British & Irish immigration, 1840-1914

Page 2 – Summary

This graph charts the immigrants from all countries who came to New Zealand from 1840 to 1914. This includes those who migrated from places such as Germany, Italy, Scandinavia, and most significantly Australia. However since about 90% of those who reached New Zealand shores were born in Britain or Ireland, the graph does provide a good chronology of the inflows of the British and Irish. The blue line represents the total annual inflow. The yellow line represents the net inflow after subtracting those who left New Zealand. The blue line represents those who received assisted passages to New Zealand — in the 1840s from the New Zealand Company, and after 1871 from the New Zealand Government. Those assisted by the provinces are not included.

Immigration to New Zealand 1840-1914

Graph showing NZ immigration patterns

Before 1840: the first non-Māori settlers

In 1840 there were about 2000 non-Māori living in New Zealand, although the numbers of British people who had lived temporarily in New Zealand was much greater. In the years since 1792 when a group of sealers in Dusky Sound became the first non-Māori to make homes in New Zealand, the country was an extension of the commercial world of Sydney. Many of the early British settlers came via New South Wales. Some were sealers or whalers; others were escaped convicts seeking a new chance; others were traders linking the mercantile world with the Māori communities; and a few came as missionaries bringing the gospel to the 'heathen'.

1840–52: New Zealand Company, Australian and military immigrants

During this period there were three main flows of British and Irish migrants. The largest number came as assisted immigrants to the five New Zealand Company Settlements — in 1840–2 they migrated to Wellington, Nelson and New Plymouth, and then from 1848–52 there was a renewed assisted migration first to Otago and then to Canterbury. The second flow was of free migrants, many coming across the Tasman. They made a major contribution to the population of Auckland province, and included a substantial number of Irish background. Third there was a military stream — over 700 men who were discharged from British regiments which had come to New Zealand for the Northern War of 1845–6 and over 2500 men, women and children who came to New Zealand as the Royal New Zealand Fencibles to provide military protection in the area south of Auckland. There were also some smaller groups such as the 514 people from Paisley, near Glasgow who came out to Auckland in 1842.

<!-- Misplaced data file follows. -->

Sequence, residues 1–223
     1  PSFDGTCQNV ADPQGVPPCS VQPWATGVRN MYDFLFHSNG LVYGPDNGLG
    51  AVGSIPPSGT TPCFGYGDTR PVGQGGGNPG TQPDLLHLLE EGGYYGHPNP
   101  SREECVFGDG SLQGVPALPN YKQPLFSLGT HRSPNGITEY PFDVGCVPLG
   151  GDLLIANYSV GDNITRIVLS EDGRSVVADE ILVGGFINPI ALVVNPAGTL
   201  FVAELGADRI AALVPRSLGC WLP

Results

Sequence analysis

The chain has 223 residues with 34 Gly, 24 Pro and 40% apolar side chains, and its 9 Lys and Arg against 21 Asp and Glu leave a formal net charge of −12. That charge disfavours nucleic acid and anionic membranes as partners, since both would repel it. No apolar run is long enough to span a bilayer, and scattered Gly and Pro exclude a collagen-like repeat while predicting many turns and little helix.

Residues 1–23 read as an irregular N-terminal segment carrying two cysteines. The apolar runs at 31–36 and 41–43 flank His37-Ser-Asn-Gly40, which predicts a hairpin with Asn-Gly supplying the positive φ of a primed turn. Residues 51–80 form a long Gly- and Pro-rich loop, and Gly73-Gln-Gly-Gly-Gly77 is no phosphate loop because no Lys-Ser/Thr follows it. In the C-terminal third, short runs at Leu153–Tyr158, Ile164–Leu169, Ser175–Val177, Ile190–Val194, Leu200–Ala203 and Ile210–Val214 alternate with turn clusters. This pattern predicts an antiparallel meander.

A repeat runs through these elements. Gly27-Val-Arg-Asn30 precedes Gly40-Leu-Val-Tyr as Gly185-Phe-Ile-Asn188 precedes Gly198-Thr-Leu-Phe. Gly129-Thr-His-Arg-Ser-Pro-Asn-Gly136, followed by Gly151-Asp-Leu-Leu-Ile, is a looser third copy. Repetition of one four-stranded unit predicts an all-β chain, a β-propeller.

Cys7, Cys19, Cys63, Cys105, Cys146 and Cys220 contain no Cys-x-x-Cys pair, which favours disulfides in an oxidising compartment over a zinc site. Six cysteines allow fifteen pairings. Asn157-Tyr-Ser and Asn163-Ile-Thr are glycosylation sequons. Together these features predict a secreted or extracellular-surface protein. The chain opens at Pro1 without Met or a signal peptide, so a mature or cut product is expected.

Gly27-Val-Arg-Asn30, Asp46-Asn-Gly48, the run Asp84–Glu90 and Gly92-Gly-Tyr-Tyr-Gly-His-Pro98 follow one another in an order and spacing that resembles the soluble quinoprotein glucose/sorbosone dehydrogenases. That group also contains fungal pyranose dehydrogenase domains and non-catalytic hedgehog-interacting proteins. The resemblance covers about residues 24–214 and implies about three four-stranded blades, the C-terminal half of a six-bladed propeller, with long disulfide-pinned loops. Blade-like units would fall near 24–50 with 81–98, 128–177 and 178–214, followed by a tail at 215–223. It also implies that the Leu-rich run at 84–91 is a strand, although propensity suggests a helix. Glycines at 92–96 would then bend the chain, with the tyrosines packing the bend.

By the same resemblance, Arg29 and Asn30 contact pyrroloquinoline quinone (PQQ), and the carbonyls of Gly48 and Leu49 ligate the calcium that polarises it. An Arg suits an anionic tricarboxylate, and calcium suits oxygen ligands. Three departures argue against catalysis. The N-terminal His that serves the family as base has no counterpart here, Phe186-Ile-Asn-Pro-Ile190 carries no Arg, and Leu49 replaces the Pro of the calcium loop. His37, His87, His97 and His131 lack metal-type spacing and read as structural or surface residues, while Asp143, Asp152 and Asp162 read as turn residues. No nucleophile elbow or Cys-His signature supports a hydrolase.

1853–70: gold boom and war

During this period the non-Māori population of New Zealand increased from about 20,000 to over 250,000. It was a period of provincial government and the provinces made a substantial contribution to migration from Britain and Ireland by providing assistance with fares, and in the case of Auckland by land grants of 40 acres. Another major contributor was the lure of gold following the discoveries in Otago in 1861 and Westland in 1865. 1863 saw a gross migration to New Zealand of 45,730 people, the largest annual figure in New Zealand's history. Many of these people flowed across the Tasman, especially from the Victorian gold fields. War between the settlers and the Māori again provided a reason for settlement. Following the renewed outbreak of fighting in 1861, a number of imperial regiments came to New Zealand and eventually over 2000 men took their discharge in the colony. In addition there were over 6000 military settlers in the Auckland area. Finally there were also significant special settlements, the most famous of which were the Highland Scots who came to Waipū in Northland from 1853 after some forty years in Nova Scotia. In all about 800 people had migrated to Waipū by 1860.

1871–80: government-assisted immigration

From 1871 the New Zealand Government began to offer assisted passages to selected migrants and those people nominated by relatives. This was part of Julius Vogel's ambitious scheme to develop New Zealand. The total number of assisted migrants during the decade was over 100,000, which represented over half of the gross migration to New Zealand in those years. 1874 saw over 32,000 assisted migrants and the greatest level of annual net migration ever.

1881–1914: depression and a return to prosperity

The economic difficulties of the 1880s and early 1890s made New Zealand a less attractive option for migrants. Assistance was finally terminated during the late 1880s and 1891 saw the last small group of assisted migrants arrive. With Victoria still booming there was a large out-migration across the Tasman and 1888 saw a net decline of over 9,000 people. There was a brief revival of migration during the early 1890s before returning prosperity from the turn of the century began to make New Zealand once more an attractive destination. The numbers increased especially once assisted migration was restored in 1904. The early years of the century also saw a significant inflow of British people from Australia.

How to cite this page

'Summary', URL: https://nzhistory.govt.nz/culture/immigration/home-away-from-home/summary, (Ministry for Culture and Heritage), updated 8-Dec-2014